As the kids head back to school they'll also head back to team sports. So brace yourselves, moms and dads, for the injuries that can come with that.
A new study sheds some light on which sports are more likely to produce severe injuries, derailing athletic participation for weeks.
Injury data on nine sports were collected during the academic year from 2005 through 2007 in 100 high schools nationwide by researchers from the Ohio State University College of Medicine and the Center for Injury Research and Policy in the Research Institute at Nationwide Children's Hospital, both in Columbus. A severe injury was defined as one that resulted in losing three weeks or more of sports participation. During that time, 1,378 severe injuries were noted, comprising 14.9% of all high school sports-related injuries. Severe injury rates were higher in competitions than during practices.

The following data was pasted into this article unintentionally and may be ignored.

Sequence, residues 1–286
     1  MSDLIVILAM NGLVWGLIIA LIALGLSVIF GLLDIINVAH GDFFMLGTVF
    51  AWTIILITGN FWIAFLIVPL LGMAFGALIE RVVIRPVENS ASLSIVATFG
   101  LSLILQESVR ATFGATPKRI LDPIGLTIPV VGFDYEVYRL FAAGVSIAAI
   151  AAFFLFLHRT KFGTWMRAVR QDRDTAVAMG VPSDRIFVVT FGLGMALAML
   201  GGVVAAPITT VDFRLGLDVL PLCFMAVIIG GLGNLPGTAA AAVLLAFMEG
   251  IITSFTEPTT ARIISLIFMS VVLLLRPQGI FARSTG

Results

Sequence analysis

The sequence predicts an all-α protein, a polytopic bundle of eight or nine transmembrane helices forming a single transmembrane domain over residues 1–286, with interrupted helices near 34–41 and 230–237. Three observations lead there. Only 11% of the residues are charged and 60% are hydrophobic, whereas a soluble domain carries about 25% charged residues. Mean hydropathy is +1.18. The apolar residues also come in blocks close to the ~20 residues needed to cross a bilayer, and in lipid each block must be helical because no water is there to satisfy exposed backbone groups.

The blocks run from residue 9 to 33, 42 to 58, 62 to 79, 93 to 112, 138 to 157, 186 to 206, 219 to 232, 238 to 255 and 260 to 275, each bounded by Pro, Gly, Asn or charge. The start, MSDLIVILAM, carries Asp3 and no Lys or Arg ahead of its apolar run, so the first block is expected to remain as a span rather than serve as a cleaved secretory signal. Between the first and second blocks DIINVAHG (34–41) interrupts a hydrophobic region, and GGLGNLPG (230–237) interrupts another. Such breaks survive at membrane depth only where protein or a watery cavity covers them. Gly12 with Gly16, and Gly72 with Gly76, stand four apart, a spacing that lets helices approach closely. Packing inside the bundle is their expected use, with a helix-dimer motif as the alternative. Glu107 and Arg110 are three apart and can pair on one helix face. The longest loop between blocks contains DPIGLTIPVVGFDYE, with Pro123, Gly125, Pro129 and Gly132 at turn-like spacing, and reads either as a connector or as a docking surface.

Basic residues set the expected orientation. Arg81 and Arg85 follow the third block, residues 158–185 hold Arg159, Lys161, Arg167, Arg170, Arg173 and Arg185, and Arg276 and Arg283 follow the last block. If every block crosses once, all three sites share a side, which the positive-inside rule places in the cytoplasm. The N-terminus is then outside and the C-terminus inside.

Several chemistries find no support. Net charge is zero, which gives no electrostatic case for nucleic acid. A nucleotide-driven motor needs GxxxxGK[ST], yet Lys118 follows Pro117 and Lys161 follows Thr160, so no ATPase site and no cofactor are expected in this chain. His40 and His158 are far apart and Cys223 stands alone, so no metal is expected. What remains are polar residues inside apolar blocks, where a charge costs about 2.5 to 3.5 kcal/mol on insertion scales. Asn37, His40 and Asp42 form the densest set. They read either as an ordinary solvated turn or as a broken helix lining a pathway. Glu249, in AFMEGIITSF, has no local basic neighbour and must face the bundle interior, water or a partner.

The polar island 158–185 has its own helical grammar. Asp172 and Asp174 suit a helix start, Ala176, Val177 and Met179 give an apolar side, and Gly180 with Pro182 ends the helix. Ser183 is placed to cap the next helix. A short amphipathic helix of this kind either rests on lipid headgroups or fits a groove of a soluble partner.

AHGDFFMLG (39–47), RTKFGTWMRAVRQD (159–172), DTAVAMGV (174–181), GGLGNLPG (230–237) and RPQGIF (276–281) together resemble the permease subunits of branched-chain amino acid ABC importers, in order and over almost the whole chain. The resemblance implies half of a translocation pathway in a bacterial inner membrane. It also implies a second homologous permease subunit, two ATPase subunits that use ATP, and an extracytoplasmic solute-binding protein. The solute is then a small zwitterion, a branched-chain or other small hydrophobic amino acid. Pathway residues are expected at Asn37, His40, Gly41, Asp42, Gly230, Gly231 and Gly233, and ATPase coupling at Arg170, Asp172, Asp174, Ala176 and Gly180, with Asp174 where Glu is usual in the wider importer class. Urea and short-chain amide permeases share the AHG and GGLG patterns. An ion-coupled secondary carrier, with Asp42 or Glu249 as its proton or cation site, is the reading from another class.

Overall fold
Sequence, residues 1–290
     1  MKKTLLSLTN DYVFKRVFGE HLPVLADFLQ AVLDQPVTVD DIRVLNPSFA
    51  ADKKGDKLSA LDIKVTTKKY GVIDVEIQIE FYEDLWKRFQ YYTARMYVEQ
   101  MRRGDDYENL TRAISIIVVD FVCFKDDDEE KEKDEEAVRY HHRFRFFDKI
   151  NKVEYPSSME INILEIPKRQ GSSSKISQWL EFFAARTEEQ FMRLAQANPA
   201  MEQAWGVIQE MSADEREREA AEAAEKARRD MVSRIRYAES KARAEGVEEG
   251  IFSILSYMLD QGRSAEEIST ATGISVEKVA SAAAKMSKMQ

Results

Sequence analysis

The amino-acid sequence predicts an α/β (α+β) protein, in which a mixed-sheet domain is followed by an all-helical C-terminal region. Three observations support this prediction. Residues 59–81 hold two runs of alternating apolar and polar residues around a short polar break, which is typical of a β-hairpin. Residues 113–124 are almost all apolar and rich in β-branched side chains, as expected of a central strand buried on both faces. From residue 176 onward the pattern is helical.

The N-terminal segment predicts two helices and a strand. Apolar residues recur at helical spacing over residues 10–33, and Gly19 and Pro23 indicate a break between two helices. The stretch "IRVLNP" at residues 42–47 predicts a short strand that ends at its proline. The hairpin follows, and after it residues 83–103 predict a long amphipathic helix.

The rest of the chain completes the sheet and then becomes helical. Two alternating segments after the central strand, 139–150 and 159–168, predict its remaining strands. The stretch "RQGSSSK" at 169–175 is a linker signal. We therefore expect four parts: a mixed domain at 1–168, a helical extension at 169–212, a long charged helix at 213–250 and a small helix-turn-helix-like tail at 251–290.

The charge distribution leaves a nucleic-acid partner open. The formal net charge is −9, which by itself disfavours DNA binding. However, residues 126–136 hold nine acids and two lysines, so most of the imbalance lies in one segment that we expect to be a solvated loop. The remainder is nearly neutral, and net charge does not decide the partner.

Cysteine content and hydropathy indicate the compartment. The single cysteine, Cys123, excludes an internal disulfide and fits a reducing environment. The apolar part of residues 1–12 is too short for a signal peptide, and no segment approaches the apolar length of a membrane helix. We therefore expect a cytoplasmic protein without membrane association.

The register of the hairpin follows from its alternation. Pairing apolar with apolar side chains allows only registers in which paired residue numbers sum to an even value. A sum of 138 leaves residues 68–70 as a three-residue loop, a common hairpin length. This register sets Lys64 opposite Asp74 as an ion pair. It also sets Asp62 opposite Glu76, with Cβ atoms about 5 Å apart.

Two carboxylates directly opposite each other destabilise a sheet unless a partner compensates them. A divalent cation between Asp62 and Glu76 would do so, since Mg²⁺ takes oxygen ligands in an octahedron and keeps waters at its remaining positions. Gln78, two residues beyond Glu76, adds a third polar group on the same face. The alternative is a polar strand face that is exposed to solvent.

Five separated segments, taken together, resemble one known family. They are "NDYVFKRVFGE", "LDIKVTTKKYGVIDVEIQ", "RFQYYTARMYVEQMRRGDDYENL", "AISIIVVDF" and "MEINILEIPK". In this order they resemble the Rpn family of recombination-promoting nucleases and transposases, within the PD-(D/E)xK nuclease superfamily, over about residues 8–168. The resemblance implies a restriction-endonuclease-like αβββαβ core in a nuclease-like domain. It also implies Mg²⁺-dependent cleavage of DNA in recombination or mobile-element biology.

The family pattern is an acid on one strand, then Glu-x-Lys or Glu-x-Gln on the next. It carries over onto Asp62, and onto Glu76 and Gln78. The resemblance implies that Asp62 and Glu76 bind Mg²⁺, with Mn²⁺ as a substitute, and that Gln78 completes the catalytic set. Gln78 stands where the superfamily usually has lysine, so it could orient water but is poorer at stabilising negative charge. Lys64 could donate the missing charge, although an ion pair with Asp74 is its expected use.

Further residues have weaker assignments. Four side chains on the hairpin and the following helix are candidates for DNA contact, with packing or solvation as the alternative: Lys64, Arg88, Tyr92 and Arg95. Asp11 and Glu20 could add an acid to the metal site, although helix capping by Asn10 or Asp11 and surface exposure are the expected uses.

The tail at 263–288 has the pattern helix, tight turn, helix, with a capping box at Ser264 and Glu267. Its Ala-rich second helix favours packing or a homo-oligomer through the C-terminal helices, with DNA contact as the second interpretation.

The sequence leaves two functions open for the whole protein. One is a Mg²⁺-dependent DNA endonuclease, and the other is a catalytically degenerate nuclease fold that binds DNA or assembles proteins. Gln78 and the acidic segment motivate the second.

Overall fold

Football was No. 1, with the highest injury rate -- 0.69 per 1,000 athletic events (with an "event" defined as one practice or competition). Second was wrestling, then girls' basketball and girls' soccer.
While the injury rate was higher in all boys' sports versus all girls' sports, when injuries in certain sports (soccer, basketball, baseball/softball) were directly compared, the results were different: Girls had a higher severe injury rate overall than boys, and girls' basketball ranked higher in injuries than boys' basketball.
The study also described which parts of the body took the most hits. Knees were on top, followed by the ankle and shoulder.
The most common diagnoses were fractures, complete ligament sprains and incomplete ligament sprains. Among all the severe injuries, 28.3% needed surgery.
The study appears in the September issue of the American Journal of Sports Medicine.Copyright © 2015, Los Angeles Times